The apparatus may be operated either in a batch process or in a continuous mode. When operated batchwise, a predetermined quantity of the dry premix of binder and filler is fed into the filling hopper 1 and from there falls into the mixing chamber 2. A predetermined amount of aqueous additive solution is fed in through the inlet 4, as well as a predetermined quantity of water, which is optionally fed in through the inlet 5. After thorough mixing the wet blend is fed to the pump 6, by which it is pressed through the hose 7 to the applicator nozzle 8.
Preferably the apparatus is operated in a continuous mode, thus avoiding any interruption of the flow of material out of the applicator nozzle 8. In this case the dry premix of binder and filler is metered continuously by the metering device 15 via the conveyor 16 into the filling hopper 1, from where it is moved in a continuous stream through the mixing chamber 2 and the conveyor pump 6 to the hose 7 and finally to the applicator nozzle 8, from which it is applied to its point of use. An aqueous additive solution, optionally water and optionally a further amount of additive solution are continuously metered and fed in through the respective inlets 4, 5 and 14.
In FIG. 3 the concentric extrusion nozzle 13 is represented in a detailed manner. The device is connected through the flange 18 to the outlet tube of the conveyor pump 6. The wet blend of structural material flows into the inner tube 19 of the concentric extrusion nozzle 13. Aqueous additive solution is metered through the inlet tube 14 into the annular chamber 20, which surrounds the inner tube 19. At the point 21 a thin cylindric liquid mantle 22 suitably 0.5-2 millimeters thick of additive solution forms concentrically around the core 23 of the wet blend. Both the mantle and the core are transported further through the outlet tube 24 to the transport hose 7, leading to the applicator nozzle 8.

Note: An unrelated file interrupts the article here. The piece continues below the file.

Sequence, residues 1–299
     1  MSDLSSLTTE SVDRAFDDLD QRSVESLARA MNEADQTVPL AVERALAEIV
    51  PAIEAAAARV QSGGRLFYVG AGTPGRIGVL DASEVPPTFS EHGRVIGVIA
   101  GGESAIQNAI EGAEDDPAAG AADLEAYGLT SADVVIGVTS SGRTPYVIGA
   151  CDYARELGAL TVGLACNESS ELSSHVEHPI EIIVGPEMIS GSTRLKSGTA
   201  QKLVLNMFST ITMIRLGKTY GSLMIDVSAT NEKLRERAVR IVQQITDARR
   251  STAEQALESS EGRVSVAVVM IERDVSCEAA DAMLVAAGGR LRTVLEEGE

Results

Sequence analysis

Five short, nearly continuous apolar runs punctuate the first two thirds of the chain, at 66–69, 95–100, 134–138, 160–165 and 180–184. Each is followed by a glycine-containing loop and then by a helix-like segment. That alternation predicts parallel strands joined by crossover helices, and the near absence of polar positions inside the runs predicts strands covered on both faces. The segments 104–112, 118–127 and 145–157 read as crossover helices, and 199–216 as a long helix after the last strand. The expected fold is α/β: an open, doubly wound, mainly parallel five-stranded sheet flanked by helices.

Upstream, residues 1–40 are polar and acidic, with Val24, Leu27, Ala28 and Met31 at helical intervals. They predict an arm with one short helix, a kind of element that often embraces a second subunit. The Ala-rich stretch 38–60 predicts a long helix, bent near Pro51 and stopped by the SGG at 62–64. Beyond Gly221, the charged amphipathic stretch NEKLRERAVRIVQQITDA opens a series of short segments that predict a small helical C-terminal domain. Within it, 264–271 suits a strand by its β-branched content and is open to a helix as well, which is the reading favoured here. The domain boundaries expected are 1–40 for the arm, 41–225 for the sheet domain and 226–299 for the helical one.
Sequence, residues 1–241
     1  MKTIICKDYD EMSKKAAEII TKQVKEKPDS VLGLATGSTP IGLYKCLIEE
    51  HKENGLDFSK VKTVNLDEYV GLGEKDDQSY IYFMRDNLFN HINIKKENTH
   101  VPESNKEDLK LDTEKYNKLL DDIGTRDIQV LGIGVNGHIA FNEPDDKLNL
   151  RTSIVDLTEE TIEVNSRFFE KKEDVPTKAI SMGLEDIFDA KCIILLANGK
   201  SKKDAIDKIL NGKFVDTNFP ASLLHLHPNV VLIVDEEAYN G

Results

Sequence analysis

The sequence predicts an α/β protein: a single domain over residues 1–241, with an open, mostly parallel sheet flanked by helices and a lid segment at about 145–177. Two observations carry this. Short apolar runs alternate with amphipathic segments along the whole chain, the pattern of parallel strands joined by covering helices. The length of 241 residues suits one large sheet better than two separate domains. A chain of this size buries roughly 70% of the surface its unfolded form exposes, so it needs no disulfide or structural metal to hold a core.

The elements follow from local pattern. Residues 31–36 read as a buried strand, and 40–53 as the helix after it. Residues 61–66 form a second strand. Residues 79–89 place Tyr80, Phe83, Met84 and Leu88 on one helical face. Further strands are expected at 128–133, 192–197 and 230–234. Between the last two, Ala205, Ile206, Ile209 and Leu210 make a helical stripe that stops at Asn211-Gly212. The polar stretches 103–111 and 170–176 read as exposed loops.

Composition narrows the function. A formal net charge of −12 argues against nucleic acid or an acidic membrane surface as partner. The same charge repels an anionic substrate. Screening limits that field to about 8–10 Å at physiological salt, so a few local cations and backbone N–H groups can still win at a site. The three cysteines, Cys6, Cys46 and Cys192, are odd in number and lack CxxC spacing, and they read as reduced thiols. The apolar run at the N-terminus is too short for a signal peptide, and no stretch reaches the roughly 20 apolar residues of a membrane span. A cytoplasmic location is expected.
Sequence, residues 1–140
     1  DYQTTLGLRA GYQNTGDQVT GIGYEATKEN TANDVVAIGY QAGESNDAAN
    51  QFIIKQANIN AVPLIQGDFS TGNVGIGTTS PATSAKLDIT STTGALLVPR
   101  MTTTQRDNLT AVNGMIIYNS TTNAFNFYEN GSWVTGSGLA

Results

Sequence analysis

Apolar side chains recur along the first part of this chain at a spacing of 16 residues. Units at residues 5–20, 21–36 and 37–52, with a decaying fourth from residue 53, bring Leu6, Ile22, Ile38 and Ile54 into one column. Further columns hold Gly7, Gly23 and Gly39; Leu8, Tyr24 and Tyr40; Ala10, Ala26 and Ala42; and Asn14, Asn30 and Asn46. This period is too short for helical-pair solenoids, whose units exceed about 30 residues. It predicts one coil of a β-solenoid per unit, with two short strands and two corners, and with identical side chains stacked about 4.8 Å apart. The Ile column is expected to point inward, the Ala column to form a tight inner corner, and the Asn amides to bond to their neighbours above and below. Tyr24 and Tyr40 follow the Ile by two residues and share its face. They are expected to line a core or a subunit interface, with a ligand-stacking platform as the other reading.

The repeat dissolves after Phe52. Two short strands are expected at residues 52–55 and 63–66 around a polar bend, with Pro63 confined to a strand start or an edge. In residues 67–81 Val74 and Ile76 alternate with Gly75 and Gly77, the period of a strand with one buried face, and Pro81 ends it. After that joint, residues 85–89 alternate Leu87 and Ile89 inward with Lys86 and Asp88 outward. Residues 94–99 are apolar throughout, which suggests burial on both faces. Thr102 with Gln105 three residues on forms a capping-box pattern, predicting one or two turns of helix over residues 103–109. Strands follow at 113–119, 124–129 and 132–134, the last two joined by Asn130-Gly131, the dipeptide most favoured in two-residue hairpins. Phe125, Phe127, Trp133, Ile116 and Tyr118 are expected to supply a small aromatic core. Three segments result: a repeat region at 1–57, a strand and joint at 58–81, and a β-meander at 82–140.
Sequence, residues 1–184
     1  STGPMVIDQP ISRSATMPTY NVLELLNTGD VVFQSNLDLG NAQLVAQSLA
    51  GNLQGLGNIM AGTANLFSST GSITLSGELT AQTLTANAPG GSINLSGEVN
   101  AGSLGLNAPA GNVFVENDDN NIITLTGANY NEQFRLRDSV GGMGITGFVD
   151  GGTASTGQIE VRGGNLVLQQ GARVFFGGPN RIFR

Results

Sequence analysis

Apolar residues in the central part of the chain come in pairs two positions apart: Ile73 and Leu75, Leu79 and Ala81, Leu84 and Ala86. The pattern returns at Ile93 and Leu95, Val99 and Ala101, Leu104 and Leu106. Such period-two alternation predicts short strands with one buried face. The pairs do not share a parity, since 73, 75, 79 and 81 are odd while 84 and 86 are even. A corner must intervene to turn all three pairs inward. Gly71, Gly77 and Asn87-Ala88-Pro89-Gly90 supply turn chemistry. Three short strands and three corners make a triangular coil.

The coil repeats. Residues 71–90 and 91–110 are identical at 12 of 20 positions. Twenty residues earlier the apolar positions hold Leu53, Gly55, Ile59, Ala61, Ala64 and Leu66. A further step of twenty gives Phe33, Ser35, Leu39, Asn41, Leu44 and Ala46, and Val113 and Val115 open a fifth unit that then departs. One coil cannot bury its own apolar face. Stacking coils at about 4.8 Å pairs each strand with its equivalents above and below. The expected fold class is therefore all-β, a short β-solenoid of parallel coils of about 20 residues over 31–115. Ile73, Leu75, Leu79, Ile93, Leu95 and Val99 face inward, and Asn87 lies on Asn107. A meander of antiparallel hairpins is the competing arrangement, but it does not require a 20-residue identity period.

Having now explained the process according to the invention and the apparatus by which it can be performed, the following examples may further illustrate the process, without restricting the same in any way. All parts and percentages given in the examples are calculated by weight, unless expressly stated otherwise.
A dry mixture of
70 parts of sand,
20 parts of Portland cement and
10 parts of quick lime
is prepared in a separate mixing device not shown in the drawings. This mixture is filled into the hopper 1 of the apparatus shown in FIG. 2. The mixing device 3 and the screw pump 6 are set in motion, while at the same time
20 parts of an solution containing
1% of cellulose hydroxypropyl methyl ether*) and
0.1% of polyacryl amide**)
are metered in through the inlet 4. After 12 seconds of mixing time the ready to use spray plaster mass can be applied from the applicator nozzle 8. The preparation produced by the apparatus proves to be homogeneously mixed, normally workable and of excellent water retention. The latter is examined by squeezing a fresh sample taken from the applicator nozzle 8, with the palm of the hand. No visible separation of sand from the water and cement should take place.
The spray plaster mixture with the composition in parts by weight as indicated in example 1 is repeated in a series of further experiments, wherein the concentration of additives is lowered stepwise:
______________________________________Example Number 2 3 4 5 6______________________________________sand 70 70 70 70 70Portland cement 20 20 20 20 20quick lime 10 10 10 10 10aqueous additive solution 20 20 20 20 20containingcellulose ether % 0.8 0.7 0.6 0.5 0.4polyacryl amide % 0.08 0.07 0.06 0.05 0.04workability and good good good good notwater retention suffic.______________________________________
The concentration of 0.5% cellulose ether and 0.05% polyacrylamide in the aqueous solution is therefore the lower limit, below which the workability of the plaster mixture and its water retention are no longer satisfactory.
Using an apparatus as shown in FIG. 2, which is equipped with an air compressor connected via a conduit 9 to an inlet 9a of the transport hose 7, situated immediately upstream of the applicator nozzle, the process of Example 1 is repeated, while injecting a stream of pressurised air into which a solution of